In the time between the release of the band's second seven inch E.P. and the "Out Of Step" record, the band briefly split when guitarist Lyle Preslar moved to Illinois for college. During this period MacKaye and Nelson put together a studio only project called Skewbald/Grand Union (in a reflection of the slowly increasing disagreements between the two musicians, they were unable to decide on one name). The group recorded three untitled songs which would be released posthumously as Dischord's 50th release. During this period Brian Baker also briefly played guitar for Government Issue and appeared on the "Make An Effort" EP. Preslar dropped out of college and, at the urging of Bad Brains vocalist H.R. Hudson, Minor Threat reformed to play a series of shows and record the "Out Of Step" mini-album.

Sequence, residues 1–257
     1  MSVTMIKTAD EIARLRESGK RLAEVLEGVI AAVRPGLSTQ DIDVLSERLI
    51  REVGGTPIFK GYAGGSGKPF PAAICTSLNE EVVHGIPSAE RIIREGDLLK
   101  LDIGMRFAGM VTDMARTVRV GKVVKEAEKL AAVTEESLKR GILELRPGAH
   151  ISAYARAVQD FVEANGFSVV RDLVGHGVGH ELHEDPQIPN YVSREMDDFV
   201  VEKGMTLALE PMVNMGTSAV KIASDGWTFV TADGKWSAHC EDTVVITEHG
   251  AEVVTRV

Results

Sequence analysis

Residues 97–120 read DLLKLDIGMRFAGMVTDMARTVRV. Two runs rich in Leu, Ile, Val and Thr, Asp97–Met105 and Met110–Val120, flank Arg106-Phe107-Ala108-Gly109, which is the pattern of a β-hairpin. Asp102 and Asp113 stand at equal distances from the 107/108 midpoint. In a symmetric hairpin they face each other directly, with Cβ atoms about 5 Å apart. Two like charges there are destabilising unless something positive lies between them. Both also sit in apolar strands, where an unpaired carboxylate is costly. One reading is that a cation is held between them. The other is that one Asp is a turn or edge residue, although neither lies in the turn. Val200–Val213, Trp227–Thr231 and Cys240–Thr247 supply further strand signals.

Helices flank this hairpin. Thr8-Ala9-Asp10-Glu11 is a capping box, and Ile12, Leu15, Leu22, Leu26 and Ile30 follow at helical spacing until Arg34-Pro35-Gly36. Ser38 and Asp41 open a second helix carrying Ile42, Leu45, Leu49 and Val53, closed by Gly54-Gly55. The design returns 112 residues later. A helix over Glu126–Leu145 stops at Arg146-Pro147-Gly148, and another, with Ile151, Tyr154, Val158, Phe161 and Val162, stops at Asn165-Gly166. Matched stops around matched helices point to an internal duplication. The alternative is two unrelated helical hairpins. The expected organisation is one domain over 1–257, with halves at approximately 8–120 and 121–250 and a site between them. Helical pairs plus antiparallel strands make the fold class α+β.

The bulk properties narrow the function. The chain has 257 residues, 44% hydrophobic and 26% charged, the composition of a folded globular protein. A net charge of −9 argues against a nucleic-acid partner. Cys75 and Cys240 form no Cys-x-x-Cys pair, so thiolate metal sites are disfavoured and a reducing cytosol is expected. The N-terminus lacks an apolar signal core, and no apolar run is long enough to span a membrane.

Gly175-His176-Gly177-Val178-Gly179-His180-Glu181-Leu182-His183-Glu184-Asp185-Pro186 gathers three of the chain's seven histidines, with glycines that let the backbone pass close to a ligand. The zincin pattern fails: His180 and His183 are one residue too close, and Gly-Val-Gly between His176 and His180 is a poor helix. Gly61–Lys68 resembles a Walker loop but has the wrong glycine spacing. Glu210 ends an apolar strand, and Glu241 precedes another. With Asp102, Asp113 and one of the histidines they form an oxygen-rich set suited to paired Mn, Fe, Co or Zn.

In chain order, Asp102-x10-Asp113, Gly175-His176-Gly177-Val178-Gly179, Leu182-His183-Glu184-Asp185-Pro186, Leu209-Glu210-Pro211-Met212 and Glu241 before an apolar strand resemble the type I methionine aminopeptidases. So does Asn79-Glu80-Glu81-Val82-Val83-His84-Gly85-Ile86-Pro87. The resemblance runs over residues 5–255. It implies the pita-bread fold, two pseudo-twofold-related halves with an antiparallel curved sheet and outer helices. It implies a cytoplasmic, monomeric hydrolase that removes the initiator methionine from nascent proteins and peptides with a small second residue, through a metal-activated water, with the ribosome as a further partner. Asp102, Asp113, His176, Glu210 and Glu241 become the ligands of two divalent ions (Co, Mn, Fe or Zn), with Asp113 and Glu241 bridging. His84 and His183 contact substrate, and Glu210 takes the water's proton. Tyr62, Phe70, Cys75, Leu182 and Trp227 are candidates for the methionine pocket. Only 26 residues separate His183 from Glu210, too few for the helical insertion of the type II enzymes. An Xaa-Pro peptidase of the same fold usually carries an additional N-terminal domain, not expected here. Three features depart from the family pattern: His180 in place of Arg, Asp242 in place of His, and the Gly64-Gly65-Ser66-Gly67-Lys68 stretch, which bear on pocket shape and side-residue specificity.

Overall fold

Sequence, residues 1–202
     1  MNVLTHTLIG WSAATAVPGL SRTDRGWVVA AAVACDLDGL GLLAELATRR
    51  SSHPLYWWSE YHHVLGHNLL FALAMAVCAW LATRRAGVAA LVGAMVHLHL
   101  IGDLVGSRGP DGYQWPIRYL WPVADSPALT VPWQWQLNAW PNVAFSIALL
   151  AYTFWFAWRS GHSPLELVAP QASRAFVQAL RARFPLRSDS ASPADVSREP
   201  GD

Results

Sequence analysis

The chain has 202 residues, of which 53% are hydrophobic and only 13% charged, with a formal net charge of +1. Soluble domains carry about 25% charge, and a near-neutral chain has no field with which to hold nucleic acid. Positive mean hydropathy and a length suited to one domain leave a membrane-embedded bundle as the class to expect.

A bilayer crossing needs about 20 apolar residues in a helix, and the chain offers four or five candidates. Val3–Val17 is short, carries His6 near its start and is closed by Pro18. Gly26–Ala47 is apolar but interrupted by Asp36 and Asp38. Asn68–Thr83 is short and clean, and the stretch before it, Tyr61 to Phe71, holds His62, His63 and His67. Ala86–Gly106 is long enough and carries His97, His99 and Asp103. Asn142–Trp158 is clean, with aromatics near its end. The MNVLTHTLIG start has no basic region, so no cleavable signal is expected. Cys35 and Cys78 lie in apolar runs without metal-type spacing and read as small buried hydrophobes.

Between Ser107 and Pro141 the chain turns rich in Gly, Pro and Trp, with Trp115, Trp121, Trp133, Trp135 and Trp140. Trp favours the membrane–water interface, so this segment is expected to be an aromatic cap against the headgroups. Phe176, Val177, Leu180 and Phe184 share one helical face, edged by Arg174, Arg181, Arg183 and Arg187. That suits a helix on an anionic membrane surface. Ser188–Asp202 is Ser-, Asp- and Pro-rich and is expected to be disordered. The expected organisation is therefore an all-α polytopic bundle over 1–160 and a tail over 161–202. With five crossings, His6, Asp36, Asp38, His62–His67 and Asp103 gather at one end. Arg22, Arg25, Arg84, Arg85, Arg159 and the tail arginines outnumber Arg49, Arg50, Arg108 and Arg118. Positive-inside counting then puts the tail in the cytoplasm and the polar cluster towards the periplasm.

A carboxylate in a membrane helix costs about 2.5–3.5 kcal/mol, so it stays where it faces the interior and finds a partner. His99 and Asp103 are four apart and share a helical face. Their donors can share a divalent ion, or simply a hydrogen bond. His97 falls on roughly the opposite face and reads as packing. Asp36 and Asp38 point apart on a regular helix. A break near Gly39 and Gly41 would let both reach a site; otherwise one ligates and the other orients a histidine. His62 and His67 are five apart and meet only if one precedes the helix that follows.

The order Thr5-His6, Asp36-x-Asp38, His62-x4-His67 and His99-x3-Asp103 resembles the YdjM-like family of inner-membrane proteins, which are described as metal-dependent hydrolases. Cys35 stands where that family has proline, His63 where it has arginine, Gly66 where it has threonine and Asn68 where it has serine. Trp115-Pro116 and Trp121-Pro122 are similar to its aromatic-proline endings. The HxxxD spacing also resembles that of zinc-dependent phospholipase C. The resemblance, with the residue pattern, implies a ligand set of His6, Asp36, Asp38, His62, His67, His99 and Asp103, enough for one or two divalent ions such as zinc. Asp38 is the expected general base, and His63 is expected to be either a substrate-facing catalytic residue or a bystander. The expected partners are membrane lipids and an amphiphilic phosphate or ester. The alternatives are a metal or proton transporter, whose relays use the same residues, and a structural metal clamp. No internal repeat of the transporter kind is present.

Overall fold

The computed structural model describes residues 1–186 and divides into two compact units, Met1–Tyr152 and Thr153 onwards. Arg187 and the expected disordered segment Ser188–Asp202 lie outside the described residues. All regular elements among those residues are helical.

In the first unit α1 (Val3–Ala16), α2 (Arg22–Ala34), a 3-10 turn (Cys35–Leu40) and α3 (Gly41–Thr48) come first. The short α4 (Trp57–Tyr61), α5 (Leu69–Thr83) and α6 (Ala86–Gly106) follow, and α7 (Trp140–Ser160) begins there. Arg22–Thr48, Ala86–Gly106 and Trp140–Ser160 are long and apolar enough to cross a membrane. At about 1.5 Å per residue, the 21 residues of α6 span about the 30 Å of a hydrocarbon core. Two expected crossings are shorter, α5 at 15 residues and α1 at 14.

When "Out of Step" was re-recorded for the band's LP "Out Of Step," MacKaye inserted a spoken section explaining, "This is not a set of rules..." An ideological door was already opened, however, and by 1982, some straight-edge punks, such as followers of the band SS Decontrol, were swatting beers out of people's hands at clubs. (Ironically, SS Decontrol's singer, Springa, was at the time a heavy drinker and cocaine user.)
Minor Threat's song "Guilty of Being White" led to some accusations of white pride. But MacKaye has strongly denied such intentions and said that some listeners misinterpreted his words which call for a separation of association between non-racist white people of future generations and the horrible past of slavery often blamed on the white race as a whole rather than on those individuals principally responsible for the atrocities. The metal band Slayer later covered the song, though perhaps not entirely in the spirit in which MacKaye wrote it: they calculatedly changed the lyric "guilty of being white" to "guilty of being right" at the song's climax to shock people. MacKaye has stated that he was offended by the change because of the racist implications of the new lyrics.